Euro Coop responds to EU food safety report

Euro Coop welcomed the report and praised the ECA's initiative to address loopholes in food safety

Euro Coop has responded to the European Court of Auditors’ report on chemical hazards in food.

The organisation, which represents co-operative retailers in Europe welcomed the report but suggested moves to address loopholes in food safety.

Published on 15 January, the report concluded that although the EU legal framework for protecting consumers from chemical hazards in food was “soundly based”, there were issues around implementation and enforcement affecting its functioning at member state level.

It added that the EU food safety model was overstretched and some member states’ controls covered certain chemicals more frequently than others. The commission also noted that some member states’ legal frameworks were so extensive that public authorities found it difficult to fulfil all their responsibilities.

“Food safety is a high priority for the EU; it affects all citizens and is closely linked to trade,” said Janusz Wojciechowski, the member of the European Court of Auditors responsible for the report. “But the current EU system faces a number of inconsistencies and challenges.”

To address these problems, Euro Coop calls for the development of a strategy to improve co-ordination and efficiency among the different competent bodies, rather than compromise on the standards. The organisation argues that there are several layers of competences, which result into inefficiencies and double testing of the same substance.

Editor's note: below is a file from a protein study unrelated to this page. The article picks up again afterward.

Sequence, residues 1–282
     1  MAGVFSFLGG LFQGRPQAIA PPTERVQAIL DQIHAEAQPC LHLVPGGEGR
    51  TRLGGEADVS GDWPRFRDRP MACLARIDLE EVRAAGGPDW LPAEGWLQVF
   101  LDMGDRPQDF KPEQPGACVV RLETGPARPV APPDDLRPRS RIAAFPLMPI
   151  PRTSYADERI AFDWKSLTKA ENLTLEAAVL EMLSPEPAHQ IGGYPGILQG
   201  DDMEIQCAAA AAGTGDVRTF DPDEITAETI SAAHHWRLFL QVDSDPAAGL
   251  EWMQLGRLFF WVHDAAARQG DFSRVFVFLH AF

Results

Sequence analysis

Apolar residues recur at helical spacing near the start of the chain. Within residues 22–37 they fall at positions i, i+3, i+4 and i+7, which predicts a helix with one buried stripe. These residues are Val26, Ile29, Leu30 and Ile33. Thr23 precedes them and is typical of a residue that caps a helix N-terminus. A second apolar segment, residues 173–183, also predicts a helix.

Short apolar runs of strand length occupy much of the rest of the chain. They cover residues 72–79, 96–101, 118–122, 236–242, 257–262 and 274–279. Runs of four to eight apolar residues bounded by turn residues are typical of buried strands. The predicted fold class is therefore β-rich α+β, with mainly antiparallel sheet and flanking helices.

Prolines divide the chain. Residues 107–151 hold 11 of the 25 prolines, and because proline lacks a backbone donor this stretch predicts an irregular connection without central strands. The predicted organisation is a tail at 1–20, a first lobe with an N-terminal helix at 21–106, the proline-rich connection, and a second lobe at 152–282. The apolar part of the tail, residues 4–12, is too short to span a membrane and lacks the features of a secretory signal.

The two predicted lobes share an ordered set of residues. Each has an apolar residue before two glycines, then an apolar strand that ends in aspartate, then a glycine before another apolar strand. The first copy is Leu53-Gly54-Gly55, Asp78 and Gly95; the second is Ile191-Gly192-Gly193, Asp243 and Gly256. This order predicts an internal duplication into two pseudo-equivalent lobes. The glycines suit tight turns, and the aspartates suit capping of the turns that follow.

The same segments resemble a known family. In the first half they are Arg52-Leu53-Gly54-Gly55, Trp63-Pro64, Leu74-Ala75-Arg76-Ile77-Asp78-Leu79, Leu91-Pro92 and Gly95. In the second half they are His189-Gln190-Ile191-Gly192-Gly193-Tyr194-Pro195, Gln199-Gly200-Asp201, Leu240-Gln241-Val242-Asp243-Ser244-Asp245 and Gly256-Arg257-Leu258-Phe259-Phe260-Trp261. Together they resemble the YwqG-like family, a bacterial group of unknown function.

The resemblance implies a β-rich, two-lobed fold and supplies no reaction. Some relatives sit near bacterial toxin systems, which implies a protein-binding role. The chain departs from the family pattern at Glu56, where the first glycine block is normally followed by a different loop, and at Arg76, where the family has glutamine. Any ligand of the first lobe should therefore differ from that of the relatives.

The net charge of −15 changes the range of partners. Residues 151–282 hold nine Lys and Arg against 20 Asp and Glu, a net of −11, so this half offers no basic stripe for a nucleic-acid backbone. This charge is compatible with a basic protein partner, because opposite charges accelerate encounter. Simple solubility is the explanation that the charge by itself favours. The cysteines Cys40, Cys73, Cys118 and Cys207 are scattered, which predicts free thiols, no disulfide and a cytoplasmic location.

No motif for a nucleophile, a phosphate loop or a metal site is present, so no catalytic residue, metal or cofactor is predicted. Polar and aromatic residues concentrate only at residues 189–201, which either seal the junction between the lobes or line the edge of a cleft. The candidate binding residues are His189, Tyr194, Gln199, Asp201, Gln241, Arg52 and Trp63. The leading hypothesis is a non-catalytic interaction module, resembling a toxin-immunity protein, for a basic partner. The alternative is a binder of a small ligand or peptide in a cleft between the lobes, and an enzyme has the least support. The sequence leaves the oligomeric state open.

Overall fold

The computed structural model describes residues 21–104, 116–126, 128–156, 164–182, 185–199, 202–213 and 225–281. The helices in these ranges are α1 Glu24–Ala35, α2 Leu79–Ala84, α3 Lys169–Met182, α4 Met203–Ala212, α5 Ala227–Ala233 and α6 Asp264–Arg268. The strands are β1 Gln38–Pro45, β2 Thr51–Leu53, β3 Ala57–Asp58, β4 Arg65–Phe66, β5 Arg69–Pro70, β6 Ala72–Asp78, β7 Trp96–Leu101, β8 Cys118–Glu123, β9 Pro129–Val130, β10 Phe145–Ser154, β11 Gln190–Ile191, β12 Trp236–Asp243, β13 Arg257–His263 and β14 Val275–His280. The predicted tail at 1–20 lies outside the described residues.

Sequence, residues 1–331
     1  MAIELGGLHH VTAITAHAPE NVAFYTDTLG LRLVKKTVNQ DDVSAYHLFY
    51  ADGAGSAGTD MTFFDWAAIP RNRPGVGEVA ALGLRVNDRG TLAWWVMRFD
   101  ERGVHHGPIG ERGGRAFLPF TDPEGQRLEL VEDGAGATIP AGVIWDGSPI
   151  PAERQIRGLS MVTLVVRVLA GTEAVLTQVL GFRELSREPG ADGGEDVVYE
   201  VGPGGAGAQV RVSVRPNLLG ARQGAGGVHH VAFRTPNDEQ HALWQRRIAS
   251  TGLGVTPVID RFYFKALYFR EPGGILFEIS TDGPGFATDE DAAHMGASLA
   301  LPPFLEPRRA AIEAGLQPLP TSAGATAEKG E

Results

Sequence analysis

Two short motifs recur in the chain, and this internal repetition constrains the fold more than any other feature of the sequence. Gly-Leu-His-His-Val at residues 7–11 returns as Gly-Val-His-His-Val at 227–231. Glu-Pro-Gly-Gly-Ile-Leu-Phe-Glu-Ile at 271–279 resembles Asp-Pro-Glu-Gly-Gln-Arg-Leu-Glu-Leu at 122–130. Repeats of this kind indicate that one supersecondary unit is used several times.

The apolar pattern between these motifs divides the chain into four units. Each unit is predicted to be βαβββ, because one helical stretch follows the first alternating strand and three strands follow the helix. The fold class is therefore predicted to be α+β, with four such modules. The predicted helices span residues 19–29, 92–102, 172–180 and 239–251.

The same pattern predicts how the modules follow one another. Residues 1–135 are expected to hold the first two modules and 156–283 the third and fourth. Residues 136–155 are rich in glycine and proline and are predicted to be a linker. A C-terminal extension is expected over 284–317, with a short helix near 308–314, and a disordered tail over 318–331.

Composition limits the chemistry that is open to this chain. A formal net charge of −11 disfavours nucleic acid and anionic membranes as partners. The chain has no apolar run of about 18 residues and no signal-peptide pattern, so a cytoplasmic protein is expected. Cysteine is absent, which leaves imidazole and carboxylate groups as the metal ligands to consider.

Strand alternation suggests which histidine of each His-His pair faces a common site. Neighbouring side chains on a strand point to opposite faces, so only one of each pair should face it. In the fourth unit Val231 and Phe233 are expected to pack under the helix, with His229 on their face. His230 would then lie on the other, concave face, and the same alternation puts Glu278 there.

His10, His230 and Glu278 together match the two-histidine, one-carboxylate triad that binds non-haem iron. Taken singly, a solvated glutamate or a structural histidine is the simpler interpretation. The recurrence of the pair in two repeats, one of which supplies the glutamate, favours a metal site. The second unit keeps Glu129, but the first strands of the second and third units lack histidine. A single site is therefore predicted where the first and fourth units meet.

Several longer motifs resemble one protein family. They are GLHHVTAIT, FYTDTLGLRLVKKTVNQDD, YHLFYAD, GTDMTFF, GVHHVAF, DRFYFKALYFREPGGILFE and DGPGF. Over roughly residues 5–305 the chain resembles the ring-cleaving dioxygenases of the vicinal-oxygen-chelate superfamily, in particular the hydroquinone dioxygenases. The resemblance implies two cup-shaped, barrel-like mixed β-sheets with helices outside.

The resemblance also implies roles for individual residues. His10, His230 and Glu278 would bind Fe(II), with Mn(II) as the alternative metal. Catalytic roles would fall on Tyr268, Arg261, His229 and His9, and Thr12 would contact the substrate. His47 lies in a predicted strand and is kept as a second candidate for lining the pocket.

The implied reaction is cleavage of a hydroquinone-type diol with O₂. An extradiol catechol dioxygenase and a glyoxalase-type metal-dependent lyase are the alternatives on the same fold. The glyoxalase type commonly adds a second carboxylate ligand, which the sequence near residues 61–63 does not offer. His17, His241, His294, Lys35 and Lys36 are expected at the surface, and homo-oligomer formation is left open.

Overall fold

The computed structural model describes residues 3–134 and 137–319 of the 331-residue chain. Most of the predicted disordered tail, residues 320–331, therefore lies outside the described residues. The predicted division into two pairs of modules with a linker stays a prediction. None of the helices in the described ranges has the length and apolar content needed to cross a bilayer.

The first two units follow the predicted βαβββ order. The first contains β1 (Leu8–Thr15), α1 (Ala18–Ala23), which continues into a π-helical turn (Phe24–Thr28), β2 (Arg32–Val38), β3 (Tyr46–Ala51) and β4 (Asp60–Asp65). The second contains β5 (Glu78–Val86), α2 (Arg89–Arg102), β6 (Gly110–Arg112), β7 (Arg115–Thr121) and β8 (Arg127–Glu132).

“Groups of chemicals such as enzymes, food flavourings or additives are instead systemically under-checked. In this respect, we particularly appreciate ECA’s recommendation to recognise that the private sector could play a key role in ensuring a better use of resources, by establishing for example partnership with public bodies and co-operating to put in place reliable food safety checks. Other options to be explored to better streamline operations could also include open access to safety checks data and the use of blockchain,” it said.

Co-operative retailers across the EU are already supporting the EU food safety system. According to Euro Coop, the precautionary principle is at the very core of co-operative retailers, particularly when it comes to their own-brand products.

“This is fully in line with our consumer-members’ needs and expectations, who seek in the co-operative products a guarantee of the highest standards of food safety, which in many cases go well beyond legislative requirements,” added the organisation.

In 2017, the country’s largest retailer, Coop Denmark, implemented a strategy to phase out twelve groups of chemicals, which it described as the Dirty Dozen. While these were legally permitted, Coop Denmark preferred to eliminate them from their own-brands because they are deemed to be detrimental to either consumer health or the environment.

The retailer also put pressure on its suppliers to remove these substances as well, helping to stimulate innovation and advance research into the substitution of ingredients or materials. Similarly, in Italy, retailer Coop Italia has been limiting the residues in its own-brand products looking not only at single substance but also at the so-called “cumulative effect”. Food can contain residues of pesticides and contaminants to which animals have been exposed.

Euro Coop added: “We believe that the EU food safety system is a value to be preserved and that, especially thanks to new technologies, a lot can be achieved in order to streamline operations and attain better implementation and enforcement results. No compromise should be accepted on the standards, with particular reference to the precautionary principle – a real stronghold of the EU food safety system – to the benefit of consumers in the EU and worldwide.

“Euro Coop is ready to play an active role in supporting EU and member states on this path by putting at disposal its longstanding experience in coupling sound science with exceptionally high standards of consumer protection.”

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